sumed its natural action and hr was
able to give an explanation of his
condition and recieved in return an
account of his long sojourn in that
place. He started home as soon as
he was able to travel. He says he
left his home twenty years ago, in
company with his wife’s cousin.’* ’
“Lois’, Lois! Child, what do you
meant You will drive ml mad.”
“Calm yourself, deal mother, 1
don’t think my papa is dead. ’• He1 will
come back like others have done.* In
fact I know he is not dead. Mother,
could you bear a great joy? What if
I should tell you this man, this strain-
ger, who says he ia Harty Wilmot,* is
yonr long lost and mourned—” "Just
then the door open and thé stranger
enters, with outstretched arms, just
as the almost frantic woman sprung
from her chair crying wildly :
“W’here ia he?” Seeing once more
the beloved form of her long lost hus
band, whom she recognized the mo
ment the well rememtiered tones fell
upon her ear, aa he cried, approach
ing with arms extended :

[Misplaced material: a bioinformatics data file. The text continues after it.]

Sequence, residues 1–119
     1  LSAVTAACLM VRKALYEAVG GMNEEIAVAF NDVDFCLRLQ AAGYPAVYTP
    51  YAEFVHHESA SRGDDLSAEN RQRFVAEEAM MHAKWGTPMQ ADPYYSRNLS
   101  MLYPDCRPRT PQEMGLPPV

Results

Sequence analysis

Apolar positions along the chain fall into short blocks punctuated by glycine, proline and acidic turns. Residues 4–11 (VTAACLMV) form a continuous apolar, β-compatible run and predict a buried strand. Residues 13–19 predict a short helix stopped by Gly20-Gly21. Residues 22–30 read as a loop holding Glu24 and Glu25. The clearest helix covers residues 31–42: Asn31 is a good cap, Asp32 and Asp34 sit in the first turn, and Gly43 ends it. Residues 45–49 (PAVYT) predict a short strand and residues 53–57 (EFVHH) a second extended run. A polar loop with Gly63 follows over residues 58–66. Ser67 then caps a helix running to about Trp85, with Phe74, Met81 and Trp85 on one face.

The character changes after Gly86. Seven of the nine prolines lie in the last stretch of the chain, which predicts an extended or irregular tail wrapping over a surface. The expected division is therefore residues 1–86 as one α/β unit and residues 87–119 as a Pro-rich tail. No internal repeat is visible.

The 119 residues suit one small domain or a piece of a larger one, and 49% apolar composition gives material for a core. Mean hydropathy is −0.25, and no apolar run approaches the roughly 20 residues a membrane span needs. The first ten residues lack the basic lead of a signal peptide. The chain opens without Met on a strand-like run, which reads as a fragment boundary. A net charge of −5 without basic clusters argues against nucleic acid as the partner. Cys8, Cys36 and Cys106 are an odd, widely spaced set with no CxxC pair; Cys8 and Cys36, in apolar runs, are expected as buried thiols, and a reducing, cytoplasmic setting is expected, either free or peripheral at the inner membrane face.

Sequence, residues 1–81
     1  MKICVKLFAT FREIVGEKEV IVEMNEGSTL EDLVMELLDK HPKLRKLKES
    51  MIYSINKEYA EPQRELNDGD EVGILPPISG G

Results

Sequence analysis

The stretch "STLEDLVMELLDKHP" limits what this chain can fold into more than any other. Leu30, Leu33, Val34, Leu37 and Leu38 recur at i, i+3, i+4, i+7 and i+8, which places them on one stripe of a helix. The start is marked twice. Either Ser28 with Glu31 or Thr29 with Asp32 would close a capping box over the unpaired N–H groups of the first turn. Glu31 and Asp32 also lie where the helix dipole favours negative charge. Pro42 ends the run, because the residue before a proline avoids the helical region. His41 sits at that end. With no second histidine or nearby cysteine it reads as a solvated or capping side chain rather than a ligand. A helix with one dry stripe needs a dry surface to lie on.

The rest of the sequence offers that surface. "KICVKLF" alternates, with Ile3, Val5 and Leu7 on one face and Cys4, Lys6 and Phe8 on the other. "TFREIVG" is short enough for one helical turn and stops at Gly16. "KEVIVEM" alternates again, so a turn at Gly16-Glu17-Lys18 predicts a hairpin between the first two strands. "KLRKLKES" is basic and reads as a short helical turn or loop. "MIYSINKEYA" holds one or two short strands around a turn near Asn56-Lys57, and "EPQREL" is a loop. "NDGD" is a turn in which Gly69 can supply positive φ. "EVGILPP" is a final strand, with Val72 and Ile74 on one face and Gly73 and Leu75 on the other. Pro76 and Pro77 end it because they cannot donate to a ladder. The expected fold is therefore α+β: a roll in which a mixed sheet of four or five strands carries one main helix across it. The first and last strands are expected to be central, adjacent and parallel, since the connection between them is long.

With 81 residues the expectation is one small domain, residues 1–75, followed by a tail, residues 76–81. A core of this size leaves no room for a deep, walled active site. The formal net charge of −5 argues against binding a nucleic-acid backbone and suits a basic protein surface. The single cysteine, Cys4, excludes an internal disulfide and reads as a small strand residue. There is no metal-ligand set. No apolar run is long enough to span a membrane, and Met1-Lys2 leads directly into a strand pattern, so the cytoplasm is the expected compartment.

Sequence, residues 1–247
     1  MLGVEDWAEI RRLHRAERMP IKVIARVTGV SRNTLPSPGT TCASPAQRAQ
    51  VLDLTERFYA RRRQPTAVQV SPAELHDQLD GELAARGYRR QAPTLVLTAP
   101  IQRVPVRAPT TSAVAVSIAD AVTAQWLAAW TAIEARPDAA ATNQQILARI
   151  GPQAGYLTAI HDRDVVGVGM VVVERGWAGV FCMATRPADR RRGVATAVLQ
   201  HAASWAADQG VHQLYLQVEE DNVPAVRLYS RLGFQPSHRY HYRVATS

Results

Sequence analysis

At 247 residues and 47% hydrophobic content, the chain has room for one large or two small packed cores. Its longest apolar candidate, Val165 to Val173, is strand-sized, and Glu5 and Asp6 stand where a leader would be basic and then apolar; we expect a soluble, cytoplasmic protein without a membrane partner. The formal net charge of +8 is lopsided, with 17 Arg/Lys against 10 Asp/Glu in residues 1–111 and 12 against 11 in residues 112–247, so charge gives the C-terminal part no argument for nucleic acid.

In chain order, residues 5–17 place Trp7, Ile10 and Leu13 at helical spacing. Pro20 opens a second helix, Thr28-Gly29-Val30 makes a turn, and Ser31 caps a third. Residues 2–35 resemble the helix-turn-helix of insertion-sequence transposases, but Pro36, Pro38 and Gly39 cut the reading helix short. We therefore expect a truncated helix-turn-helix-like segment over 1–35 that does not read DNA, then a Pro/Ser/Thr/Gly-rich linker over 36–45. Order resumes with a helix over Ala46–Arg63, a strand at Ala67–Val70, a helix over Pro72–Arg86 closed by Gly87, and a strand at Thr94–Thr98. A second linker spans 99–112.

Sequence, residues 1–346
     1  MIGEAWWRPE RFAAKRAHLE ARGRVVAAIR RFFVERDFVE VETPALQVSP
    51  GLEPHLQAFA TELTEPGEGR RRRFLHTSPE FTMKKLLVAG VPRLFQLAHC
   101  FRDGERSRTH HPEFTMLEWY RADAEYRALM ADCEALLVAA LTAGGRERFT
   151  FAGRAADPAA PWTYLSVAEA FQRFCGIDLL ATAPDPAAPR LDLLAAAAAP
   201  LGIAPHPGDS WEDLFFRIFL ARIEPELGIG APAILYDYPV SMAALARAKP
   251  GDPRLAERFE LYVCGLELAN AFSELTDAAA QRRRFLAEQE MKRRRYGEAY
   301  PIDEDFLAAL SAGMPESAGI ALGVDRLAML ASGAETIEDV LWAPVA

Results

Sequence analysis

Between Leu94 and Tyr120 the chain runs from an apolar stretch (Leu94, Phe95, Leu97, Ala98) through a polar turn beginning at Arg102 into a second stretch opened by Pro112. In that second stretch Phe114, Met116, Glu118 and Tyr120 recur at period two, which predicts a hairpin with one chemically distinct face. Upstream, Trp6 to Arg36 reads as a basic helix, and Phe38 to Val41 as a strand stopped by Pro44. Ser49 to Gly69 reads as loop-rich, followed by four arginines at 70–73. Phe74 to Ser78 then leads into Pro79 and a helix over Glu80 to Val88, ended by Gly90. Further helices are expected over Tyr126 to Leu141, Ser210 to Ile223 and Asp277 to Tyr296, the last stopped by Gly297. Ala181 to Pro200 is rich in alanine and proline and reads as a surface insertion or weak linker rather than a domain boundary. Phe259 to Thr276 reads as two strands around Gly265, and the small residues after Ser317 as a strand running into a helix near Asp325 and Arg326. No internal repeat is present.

“Helen, wife! Thank God, once
more after so many years, we meet,
my own true wife, never to part
again in this life.”
“At last! At last! She cried, my
sun has arisen. The darkness is' dis
pelled. All is joy.” 1
» • »
During her husband’s absence she
insisted on keeping house, although
urgently pressed by her aged parents
to come with her babes and live with
them, in the home of her childhood,
in a distant state. She could not leave
her own home in the little cabin,
where she anil Harry hail been Ho
happy. Harry inherited a little for
tune by the death of a distant relative
she determined to spend it for Harry’s
children, in the way that would have
been moat pleasing to him, had he
lived. Devoting her life eichiaively
to their interests, being a good mana
ger, she had by dint of hard labor and
never tiring industry, with the united
help of the children, whom she had
given a liberal education, made the
little home what Harry found it,
where they still live in the enjoyment
of health wealth and happiness. •» »
Chas. Groening has established a
wood yard in* this city, and sdJVe eak
ift-inch cut at 14 00 per cord ; 'flffoor
feet, 92.16, and other qualities in tihw